Senior living communities have a well-deserved reputation for bingo. It is a high-stakes game of chance, where seniors grip their daubers tightly in anticipation of the letter and number combos that will land them fabulous prizes.

But bingo is far from the only pastime available to retirees. Crafting, dancing, yoga, and a whole range of other accessible recreational activities fill our residents’ days. And they are much better for it, as stimulating activities come with many well-known health benefits!


It is difficult to make a case for reading that hasn’t already been made by your school teachers. You get to explore new worlds and learn new information. Even more so, on Sundays, you can read Garfield in color.

You may just reach for the nearest copy of War and Peace after you’ve learned about the potential health benefits of reading. Seniors who regularly read, write, and do other literary activities show a slower rate of decline in memory compared to their peers who don’t. Reading can be just as effective at reducing blood pressure as doing yoga. Opening a good book before bed can give you a better night’s sleep, and it may even help you live longer. One study showed that book readers live two years longer on average than nonreaders!


When we think of seniors crafting, our minds jump straight to grandma hovering over a needlepoint or stitching together a quilt that will keep us warm for the winter. Crafting, in general, is thought of as a ladies’ domain, but this doesn’t give the fellas credit. If you tie your own flies, build ships in bottles, or do something productive with wood, then you benefit from the health benefits of crafting, too!

Challenging tasks that demand concentration can promote a greater overall sense of well-being. This is especially true when they are done as part of a group like a quilting circle. Sewing and other activities like it enhance hand-eye coordination, stimulate brain growth, and may even help to fight dementia. And even if they’re building birdhouses instead of framing houses, carpenters keep their minds active by using math and measurements. Additionally, they hone their fine motor skills and enjoy more opportunities to destress.

(Sadly, getting your finger real good with the glue gun has no known health benefits.)


“I have no desire to prove anything by dancing,” Fred Astaire once said. “I just dance.” You may not be as good a dancer as Fred, but you have nothing to prove on the dance floor, either!

Even light dancing is quite athletic, yet also more fun than most other types of exercise. The list of dancing’s health benefits is a mile long and includes:

  • Stronger heart and lungs

  • Greater muscular strength

  • Improved balance

  • Increased mental functioning

  • Higher agility and flexibility

  • Heightened balance

Dancing is especially beneficial to seniors who face unique health challenges. It is one of the most effective activities to reduce the risk of osteoporosis. Seniors who participated in a two-week tango class as part of one study reported less depression, reduced stress, and relief from insomnia. One study showed that dancing for just 15 minutes a day can help seniors to improve memory and overall health!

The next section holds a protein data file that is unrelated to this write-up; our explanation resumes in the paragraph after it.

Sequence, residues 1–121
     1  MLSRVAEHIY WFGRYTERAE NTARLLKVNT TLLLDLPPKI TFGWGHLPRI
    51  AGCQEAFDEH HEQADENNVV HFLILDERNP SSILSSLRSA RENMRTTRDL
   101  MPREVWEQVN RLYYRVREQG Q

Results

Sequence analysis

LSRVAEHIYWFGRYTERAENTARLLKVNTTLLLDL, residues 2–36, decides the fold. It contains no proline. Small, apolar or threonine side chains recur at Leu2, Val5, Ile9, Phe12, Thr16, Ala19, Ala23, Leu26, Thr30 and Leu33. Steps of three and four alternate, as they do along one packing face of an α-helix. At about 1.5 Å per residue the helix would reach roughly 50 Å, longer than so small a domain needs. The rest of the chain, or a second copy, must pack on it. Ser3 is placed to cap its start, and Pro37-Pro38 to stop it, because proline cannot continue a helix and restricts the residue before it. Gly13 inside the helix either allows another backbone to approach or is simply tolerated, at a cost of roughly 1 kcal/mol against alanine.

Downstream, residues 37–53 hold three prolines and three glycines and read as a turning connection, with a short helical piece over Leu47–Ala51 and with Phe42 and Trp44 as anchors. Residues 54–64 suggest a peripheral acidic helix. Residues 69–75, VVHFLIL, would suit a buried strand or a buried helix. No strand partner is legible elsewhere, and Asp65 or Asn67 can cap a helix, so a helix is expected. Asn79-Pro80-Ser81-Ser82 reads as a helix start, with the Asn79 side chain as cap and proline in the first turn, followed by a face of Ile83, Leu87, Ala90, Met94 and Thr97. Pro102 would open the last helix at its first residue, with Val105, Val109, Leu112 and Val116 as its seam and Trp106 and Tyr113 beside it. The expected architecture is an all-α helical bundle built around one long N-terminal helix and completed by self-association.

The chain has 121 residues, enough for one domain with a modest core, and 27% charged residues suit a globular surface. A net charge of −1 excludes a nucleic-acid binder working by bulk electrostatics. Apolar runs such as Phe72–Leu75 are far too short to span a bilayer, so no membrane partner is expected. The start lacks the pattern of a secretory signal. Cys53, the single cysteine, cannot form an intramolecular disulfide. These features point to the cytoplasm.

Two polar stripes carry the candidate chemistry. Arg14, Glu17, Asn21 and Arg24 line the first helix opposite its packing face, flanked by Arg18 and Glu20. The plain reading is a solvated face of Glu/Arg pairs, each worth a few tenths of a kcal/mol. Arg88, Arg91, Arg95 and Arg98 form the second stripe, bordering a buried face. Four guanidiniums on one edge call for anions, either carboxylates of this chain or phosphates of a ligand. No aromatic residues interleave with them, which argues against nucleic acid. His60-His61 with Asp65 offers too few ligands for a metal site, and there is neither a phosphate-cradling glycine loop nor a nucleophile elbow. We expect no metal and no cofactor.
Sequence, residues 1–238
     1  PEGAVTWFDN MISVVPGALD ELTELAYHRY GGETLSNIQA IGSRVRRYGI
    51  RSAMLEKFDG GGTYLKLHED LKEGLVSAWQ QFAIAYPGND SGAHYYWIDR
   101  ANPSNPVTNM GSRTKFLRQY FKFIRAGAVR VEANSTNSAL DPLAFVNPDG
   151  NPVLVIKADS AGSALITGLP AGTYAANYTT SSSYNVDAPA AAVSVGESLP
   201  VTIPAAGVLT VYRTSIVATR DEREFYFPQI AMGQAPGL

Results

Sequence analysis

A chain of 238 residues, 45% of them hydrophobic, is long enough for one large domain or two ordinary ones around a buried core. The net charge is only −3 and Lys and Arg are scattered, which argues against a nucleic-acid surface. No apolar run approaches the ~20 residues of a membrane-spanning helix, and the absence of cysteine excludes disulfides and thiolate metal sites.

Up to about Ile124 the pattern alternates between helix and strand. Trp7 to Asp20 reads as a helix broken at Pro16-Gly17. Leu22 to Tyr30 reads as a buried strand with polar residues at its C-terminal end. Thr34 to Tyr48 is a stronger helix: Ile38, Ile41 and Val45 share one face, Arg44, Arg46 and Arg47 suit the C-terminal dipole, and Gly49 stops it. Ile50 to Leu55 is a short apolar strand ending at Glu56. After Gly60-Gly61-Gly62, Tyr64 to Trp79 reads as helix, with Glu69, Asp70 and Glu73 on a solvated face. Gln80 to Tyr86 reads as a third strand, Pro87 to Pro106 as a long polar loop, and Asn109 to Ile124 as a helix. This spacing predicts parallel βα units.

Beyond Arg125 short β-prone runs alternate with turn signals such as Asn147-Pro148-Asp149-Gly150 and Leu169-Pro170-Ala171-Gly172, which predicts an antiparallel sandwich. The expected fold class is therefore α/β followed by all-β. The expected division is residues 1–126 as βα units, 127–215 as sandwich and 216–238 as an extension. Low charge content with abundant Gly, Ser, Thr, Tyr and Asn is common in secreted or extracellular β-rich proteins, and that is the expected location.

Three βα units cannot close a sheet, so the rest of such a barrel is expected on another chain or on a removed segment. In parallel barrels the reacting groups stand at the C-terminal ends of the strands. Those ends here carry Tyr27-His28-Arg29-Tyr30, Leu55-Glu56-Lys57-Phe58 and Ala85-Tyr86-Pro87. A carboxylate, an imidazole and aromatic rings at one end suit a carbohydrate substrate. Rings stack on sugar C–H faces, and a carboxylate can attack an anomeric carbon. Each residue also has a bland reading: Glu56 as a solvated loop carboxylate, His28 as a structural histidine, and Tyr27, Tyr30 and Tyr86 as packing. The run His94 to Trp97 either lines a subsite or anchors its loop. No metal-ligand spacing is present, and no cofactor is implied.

Doing puzzles is not just a way to pass the time and enjoy a pretty picture for all of your efforts. The diversion actually shares a lot in common with crafting, as both revolve around assembling something complex from smaller pieces.

Puzzling may help seniors maintain overall brain health, as well as keep their wits sharp, their reaction times quick, and their short-term memories strong. And don’t forget about the social aspect of doing puzzles! A study by Yale showed that doing puzzles as part of a pair or larger group can help to reduce stress, and spending time doing anything with friends can foster a sense of belonging.

Jigsaws aren’t the only puzzle that is good for you, of course. Crossword puzzles have been shown to strengthen memory and delay the symptoms of Alzheimer’s, and Sudoku is known to improve puzzlers’ faculties of logic and concentration.


We all have the image of a master yogi in our heads. They are a lithe, toned athlete with abs that could double as a cheese grater. But you don’t have to be in fantastic physical condition to enjoy the ancient discipline – just like you don’t have to be fluent in Sanskrit!

Seniors who participate in light, regular yoga may benefit from stronger bones and core muscles, which are both essential to maintaining balance. That can be a lifesaver for seniors, as three million American seniors are treated for fall injuries in emergency rooms every year. People who wait until their golden years to try yoga may also enjoy fewer aches and pains. And just like every other leisure activity, yoga is known to significantly reduce stress.

Yoga is not the only low-impact exercise on the market, either. Tai chi, qi gong, and taijiquan (which are especially neat because you can do it while holding swords) all make fine exercise for seniors as well!

Would you like to learn more about the stimulating activities a senior can enjoy while staying with Morgan Lane Village? Then we welcome you to contact us today! We don’t keep taijiquan swords on our premises, but there are plenty of other ways to stay happy and active at our senior living community in Tea, South Dakota.